hplc fluorescence detectionDo you use the fluorescence detection technique with your HPLC methods? If so, I have an excellent resource for you!

Our HPLC specialists in Germering (Germany) recently updated our popular 16-page Fluorescence Method Development Handbook (link to download the PDF) which is proving to be a resource for chromatographers using not just our HPLC systems but also other HPLC systems. The handbook is comprehensive and systematic in explaining the fluorescence theory and the effect on experimental results.

As most of you know, many scientists working with HPLC use optical detection techniques with UV-vis absorption being the most common detection being measured. As selected substances also show fluorescent behavior, they also absorb and emit light with a specific wavelength shift. And, fluorescence detection provides two benefits as compared to UV detection: low limits of detection and high specificity; but, the challenge is the method development as it is much more complex as compared to other optical detectors. For optimum results, it is important to optimize the different parameters in a systematic way.

Our handbook explains the relation between absorbance and excitation of a fluorescent compound and covers how using tools available in our Chromatography Data System (CDS) software (Thermo Scientific Dionex Chromeleon CDS software) and our fluorescence detector (Thermo Scientific Dionex UltiMate 3000 Fluorescence Detector), it is very easy and straight forward to define the best wavelength settings. The tools include 3D synchro, excitation and emission scans, and the zero order mode. Another important setting is the sensitivity of the photomultiplier tube (PMT) that detects the emitted light. A PMT can be regarded as a current source that generates a current proportional to the light intensity to which it is exposed. The sensitivity of the PMT is used to tune the current response to achieve the best signal-to-noise performance of the detector.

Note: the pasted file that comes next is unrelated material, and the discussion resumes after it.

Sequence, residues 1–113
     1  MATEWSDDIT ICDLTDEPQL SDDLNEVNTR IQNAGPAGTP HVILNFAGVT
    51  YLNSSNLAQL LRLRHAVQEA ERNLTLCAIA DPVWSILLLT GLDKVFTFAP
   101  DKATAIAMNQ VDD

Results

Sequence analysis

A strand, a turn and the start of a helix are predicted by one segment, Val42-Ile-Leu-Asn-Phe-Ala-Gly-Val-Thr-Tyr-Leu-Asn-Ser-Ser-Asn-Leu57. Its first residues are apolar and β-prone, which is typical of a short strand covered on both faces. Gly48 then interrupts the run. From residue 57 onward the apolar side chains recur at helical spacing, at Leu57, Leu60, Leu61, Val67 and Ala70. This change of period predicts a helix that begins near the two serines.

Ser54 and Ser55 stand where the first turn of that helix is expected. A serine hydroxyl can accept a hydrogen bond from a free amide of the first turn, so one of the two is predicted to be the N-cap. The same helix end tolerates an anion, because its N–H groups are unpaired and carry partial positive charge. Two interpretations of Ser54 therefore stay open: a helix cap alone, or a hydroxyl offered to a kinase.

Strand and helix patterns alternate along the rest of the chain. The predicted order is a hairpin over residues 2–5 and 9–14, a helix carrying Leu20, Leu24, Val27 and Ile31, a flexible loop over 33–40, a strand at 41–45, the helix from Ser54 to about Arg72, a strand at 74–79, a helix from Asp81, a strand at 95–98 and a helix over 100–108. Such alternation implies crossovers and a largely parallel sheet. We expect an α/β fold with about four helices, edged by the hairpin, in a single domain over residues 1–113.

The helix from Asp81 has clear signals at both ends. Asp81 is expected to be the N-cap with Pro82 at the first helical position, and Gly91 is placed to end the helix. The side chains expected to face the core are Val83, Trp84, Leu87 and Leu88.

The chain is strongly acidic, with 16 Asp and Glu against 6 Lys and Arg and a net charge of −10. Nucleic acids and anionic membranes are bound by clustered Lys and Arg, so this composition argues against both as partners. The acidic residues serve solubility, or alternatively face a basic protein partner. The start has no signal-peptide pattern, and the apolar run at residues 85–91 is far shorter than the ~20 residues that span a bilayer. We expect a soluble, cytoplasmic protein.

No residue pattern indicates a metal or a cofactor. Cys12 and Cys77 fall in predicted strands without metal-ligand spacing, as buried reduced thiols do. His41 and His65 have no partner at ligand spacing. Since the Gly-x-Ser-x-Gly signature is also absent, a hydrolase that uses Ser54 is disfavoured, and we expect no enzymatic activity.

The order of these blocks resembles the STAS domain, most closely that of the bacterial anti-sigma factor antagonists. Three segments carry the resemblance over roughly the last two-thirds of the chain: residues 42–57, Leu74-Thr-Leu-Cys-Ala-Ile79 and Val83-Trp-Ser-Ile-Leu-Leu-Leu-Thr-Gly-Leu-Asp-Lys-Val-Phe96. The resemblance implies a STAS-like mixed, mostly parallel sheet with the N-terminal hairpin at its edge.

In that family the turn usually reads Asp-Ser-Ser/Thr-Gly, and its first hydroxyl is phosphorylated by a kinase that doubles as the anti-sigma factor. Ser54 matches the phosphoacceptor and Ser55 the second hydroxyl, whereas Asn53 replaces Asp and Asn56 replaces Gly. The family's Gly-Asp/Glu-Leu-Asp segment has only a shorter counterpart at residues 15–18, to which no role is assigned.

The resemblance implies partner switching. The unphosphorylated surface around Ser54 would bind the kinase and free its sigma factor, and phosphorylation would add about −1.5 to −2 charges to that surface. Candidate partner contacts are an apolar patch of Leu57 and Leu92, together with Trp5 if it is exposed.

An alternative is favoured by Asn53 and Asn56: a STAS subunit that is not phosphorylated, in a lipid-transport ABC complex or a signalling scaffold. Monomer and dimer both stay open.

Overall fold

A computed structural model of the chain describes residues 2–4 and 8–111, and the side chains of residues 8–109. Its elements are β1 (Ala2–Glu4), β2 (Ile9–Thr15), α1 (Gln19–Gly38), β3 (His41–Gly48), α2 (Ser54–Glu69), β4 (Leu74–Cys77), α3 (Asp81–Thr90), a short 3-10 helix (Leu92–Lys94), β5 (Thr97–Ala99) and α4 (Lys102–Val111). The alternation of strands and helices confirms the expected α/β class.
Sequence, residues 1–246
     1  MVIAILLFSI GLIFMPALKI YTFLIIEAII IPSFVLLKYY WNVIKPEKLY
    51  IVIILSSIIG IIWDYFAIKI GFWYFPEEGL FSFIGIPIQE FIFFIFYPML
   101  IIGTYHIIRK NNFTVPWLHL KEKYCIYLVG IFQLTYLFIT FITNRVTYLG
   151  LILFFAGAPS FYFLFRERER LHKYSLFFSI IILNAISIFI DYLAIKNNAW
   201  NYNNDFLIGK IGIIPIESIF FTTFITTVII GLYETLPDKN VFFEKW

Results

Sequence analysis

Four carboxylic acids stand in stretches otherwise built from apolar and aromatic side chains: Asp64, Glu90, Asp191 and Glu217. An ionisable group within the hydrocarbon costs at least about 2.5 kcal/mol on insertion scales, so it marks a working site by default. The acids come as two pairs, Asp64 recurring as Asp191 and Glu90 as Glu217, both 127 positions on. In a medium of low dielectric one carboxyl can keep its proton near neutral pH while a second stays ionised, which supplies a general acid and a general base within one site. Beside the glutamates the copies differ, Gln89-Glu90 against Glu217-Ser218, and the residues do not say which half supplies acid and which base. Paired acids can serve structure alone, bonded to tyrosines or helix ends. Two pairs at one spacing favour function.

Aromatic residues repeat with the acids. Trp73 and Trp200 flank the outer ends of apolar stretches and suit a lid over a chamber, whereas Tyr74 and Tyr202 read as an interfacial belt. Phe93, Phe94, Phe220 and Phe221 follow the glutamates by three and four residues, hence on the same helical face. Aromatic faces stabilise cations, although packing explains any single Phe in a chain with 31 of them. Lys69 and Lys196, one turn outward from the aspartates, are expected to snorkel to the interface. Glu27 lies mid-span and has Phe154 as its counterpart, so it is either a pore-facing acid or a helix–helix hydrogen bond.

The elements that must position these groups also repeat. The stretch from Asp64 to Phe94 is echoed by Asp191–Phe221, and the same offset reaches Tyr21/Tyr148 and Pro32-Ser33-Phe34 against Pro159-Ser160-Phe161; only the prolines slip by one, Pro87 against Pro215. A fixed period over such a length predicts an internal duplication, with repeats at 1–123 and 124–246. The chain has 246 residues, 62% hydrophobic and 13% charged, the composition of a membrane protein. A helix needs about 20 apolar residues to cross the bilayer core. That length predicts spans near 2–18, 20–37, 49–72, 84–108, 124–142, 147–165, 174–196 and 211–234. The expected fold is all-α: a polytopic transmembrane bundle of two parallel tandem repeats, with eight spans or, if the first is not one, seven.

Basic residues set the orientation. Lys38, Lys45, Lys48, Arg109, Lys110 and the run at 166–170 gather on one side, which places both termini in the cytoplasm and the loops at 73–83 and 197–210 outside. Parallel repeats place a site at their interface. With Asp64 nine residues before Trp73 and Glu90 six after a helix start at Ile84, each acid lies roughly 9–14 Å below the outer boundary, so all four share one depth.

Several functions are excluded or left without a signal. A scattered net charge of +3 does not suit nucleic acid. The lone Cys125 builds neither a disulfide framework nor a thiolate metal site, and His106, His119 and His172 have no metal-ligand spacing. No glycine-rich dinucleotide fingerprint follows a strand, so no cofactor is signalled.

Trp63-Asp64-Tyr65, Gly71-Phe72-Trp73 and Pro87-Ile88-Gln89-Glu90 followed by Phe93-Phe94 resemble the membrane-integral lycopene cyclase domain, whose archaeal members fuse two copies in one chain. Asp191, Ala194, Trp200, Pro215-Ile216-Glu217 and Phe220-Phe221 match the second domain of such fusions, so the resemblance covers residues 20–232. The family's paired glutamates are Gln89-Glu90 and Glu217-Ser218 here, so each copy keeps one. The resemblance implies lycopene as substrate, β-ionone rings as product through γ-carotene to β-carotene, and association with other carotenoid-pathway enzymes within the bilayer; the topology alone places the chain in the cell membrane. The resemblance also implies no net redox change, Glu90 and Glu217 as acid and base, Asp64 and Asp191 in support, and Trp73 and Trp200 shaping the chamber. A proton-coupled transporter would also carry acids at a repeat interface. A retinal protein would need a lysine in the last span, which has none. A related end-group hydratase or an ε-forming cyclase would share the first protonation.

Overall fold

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It is industry standard for fluorescence detectors to have a fixed emission light filter between the flow cell and the PMT. The high-end version of our fluorescence detector features a variable emission filter that can dynamically adapt to various wavelength pairs. This makes sure that the instrument always operates under lowest stray light conditions. The handbook further discusses other aspects of detector setting and optimization, such as best suitable data collection rate, data filtering and xenon flash lamp frequency.

Lastly, handbook also includes an easy procedure how to test solvent suitability. This can be used to test whether the mobile phase quality is good enough and whether the quality remains stable between different lots.

Let us know of your challenges with fluorescence detection in the Comments box below; our experts will be pleased to answer your questions!